Mint Jelly






There are many varieties of mint. Sweet mint, spearmint, peppermint, chocolate mint, Corsican mint and so forth. Each variety has a subtle difference in taste. Sweet Mint is best for this recipe but others will suffice.

Traditionally Mint Jelly has been served by the English, Scots and Welsh along with their mutton or lamb, it is believed they inherited the tradition from the ancient Romans. Ancient Greeks were smothering steaks with mint jelly for centuries and they too probably got that from those decadent Romans. The mint Jelly tradition migrated along with the Brits to the New World. Other roasted meats also fare well when paired with Mint Jelly, I personally like to smear some on my pork chops.




Basic Mint Jelly

1/2 cup vinegar
1 cup water
1/2 cup mint leaves
3-1/2 cups sugar
1/2 cup Fruit Pectin

green food coloring

Mix vinegar and roughly chopped mint leaves.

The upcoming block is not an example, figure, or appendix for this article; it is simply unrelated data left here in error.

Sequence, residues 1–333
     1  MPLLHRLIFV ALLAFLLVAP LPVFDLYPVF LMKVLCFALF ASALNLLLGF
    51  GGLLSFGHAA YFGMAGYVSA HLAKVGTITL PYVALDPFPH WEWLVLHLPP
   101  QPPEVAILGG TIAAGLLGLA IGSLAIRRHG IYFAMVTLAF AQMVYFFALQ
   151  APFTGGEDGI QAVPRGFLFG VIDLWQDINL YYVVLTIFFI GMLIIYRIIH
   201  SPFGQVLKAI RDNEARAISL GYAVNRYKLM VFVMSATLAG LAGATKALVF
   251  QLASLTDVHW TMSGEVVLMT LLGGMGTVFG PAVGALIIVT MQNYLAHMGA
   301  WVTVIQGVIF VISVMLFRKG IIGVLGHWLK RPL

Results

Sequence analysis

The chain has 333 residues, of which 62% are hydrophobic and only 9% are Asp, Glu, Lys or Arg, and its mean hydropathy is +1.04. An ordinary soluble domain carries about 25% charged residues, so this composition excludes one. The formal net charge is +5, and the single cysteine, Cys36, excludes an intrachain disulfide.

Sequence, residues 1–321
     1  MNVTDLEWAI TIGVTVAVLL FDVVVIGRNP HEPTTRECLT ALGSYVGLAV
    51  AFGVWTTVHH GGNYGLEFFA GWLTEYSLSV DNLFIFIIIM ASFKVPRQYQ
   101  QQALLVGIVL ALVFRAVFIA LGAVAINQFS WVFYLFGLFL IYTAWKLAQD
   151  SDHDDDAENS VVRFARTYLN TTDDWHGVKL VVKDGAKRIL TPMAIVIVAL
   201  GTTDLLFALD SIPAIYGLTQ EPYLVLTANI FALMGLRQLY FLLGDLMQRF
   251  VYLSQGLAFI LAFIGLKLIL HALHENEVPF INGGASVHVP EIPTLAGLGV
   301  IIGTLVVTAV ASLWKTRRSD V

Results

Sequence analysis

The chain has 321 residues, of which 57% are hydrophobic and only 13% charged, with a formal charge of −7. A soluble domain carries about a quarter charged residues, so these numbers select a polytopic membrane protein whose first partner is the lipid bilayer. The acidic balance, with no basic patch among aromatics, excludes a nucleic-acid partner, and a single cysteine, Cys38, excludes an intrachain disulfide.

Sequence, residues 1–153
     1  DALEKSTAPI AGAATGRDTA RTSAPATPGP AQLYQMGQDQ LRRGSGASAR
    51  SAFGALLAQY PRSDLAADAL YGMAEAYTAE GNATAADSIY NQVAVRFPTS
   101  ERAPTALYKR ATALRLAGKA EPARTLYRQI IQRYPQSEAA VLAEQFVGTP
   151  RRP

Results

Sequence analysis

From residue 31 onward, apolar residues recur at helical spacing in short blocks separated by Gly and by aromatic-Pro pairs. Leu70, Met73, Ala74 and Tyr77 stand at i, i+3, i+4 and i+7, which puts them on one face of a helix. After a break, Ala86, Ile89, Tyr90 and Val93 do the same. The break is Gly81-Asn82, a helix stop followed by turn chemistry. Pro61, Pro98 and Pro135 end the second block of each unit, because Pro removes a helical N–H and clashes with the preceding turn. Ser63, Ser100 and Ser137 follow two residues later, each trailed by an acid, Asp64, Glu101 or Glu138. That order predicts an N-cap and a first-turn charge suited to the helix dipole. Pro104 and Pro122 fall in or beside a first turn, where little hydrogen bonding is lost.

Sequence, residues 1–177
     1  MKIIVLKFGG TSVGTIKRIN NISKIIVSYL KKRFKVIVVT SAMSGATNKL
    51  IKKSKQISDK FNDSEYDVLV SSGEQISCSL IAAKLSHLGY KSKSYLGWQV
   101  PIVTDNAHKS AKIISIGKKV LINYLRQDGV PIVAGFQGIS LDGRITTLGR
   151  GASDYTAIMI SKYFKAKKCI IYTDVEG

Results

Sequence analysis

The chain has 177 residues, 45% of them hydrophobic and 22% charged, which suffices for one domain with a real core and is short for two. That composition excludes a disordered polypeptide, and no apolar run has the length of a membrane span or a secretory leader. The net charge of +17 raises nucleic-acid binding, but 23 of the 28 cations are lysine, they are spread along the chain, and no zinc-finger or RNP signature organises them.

Leave 15 minutes.

Add sugar, stir and bring to a boil for 1/2 minute.

Strain into heated glasses and
cover with melted wax.

Recipe by Carole Holding
Dame de la des Rotisseurs




Classic Mint Jelly

2 cups sugar
1 1/2 teaspoons Fruit Pectin
2 cups chopped fresh mint leaves and stems
1 cup apple cider vinegar
2 cups water
 

Beat the sugar and pectin together then Set aside.

Place the mint leaves and stems in a pot and crush them with a wooden spoon. Add vinegar, water and bring to a boil . Add the sugar and pectin mixture and boil hard for one minute.

Pour jelly through a sieve into a large bowl. Discard the mint leaves. Pour jelly back into the pot and reboil. Ladle mint jelly into hot, sterilized jars and process in a hot water bath for 20 minutes.